Archives du mot-clé obedience

Discipline (English version)

Return to the French text

For an

The notion of discipline seems at first sight foreign to concepts used by PaaLabRes. In our collective, the emphasis is on the concepts of nomad and transversal. In what way is discipline pertinent to our approach?

In the founding text of PaalabRes, the term “discipline” is employed in the two most commonly used definitions, the first one as domain or field of knowledge and practice, separated from other domains, the second one as personal mastery or obedience:

  1. “Our society is characterized in all domains by the instability, the precarity and the erasure of the limits between disciplines.” “Technologies are at the centers of transverse approaches linking disciplines that were until now far apart.” “This does not exclude, in fact, the presence of external observers and the collaboration with non artistic disciplines (notably social sciences and humanities).”
  2. “This book is ‘a questioning on the operations of users, supposedly destined to passivity and discipline’ ”. [quote from Michel de Certeau L’invention du quotidien, I. Arts de faire, Paris, Union Générale d’Éditions, Coll. 10/18, 1980]

These two uses of “discipline” are most often distinct from one another in common language (an “artistic discipline” versus an “iron discipline”), even when this double use appears in the same domain: a teacher should impose discipline in her/his class – rules of conduct and of obedience – in order to teach his/her discipline – ensemble of knowledge of a specific subject matter. If the use of the one thus does not call spontaneously for the use of the other, we can nevertheless think that the two meanings in this last case are perhaps not very far apart.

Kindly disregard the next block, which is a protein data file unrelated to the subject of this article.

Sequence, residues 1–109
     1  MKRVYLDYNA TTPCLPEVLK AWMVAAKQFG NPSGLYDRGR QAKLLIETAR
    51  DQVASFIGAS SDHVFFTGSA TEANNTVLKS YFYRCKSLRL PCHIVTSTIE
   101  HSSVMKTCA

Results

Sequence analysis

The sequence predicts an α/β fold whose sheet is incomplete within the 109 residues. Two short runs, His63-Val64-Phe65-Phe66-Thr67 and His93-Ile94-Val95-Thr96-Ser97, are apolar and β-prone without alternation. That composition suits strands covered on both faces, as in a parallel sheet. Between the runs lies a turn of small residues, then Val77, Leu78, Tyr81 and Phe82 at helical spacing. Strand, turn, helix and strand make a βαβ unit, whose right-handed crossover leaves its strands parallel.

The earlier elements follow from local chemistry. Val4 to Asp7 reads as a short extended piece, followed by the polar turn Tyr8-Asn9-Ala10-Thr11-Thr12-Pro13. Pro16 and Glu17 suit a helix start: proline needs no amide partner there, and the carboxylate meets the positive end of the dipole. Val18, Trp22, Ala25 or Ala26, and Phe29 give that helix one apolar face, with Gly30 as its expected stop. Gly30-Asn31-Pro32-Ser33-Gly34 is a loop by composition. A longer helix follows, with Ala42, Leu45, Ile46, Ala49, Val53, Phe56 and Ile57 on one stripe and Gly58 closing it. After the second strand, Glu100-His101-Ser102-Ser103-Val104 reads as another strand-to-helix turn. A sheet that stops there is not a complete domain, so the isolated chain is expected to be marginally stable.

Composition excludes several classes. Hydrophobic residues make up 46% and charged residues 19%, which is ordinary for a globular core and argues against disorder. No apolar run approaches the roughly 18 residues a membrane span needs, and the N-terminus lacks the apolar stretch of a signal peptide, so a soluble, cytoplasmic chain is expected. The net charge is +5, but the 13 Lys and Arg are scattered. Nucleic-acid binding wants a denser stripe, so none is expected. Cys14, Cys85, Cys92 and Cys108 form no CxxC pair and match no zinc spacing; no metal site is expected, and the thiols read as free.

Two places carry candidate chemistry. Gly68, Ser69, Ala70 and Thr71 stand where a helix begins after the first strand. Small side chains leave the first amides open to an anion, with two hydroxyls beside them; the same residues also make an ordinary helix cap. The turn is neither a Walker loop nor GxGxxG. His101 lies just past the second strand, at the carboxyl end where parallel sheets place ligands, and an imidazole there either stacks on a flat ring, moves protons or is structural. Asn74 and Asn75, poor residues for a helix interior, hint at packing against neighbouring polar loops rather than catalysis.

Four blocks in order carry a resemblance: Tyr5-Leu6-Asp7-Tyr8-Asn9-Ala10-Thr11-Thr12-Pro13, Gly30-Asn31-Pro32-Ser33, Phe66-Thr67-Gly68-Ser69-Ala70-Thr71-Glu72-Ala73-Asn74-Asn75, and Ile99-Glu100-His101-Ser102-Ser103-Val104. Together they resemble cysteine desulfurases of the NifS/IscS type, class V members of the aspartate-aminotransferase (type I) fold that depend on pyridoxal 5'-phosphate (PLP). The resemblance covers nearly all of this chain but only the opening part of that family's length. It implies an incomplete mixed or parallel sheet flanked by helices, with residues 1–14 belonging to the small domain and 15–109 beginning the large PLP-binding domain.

The origin of the word discipline can be found in effect in discipulus, which means “pupil” in Latin, thus relating discipline to the idea of learning. The history of the word reveals also a kinship between the two definitions and the proximity of a link to the body:

“The ancient meaning of “massacre, carnage, havoc, calamity”, proper to old French, is to be understood as an extension of the idea of “punishment”, an accepted sense during the 12th Century (ca. 1170), especially applied to a cleric’s corporal mortification (1174) and giving way, by metonymy, to the concrete meaning of “instrument used for flogging” (before 1549) in religious circles. However, as soon as mid-12th century, the word is also employed with the modern definitions of “rule of life, of conduct” (ca. 1120) and “education, teaching”. By metonymy, a discipline refers to a subject matter being taught, a branch of knowledge.” [“Discipline” Le RobertDictionnaire historique de la langue française, Alain Rey (dir.) p. 1095]

Discipline as working on the body, was described by Michel Foucault in Discipline and Punish. He showed the development during the 18th century of discipline in different institutions through an ensemble of meticulous techniques, methods and practices, which aims, through the corporal inscription, at the fabrication of docile bodies combining usefulness and obedience. Discipline as working on the body through specific practices, evidently constitutes the explicit techniques and goals of an institution like the army, but the “body techniques”, as Marcel Mauss calls them, are equally operational in any teaching practice, including those which are the most “theoretical”. A discipline, by its teaching, constitutes an ensemble of regulated knowledge, techniques and practices, which are inscribed indiscriminately in body and mind. One could say then that discipline is, in the same movement, matter and manner. There is no “matter” (knowledge, understanding, etc.) without “manner” (rules, procedures, etc.).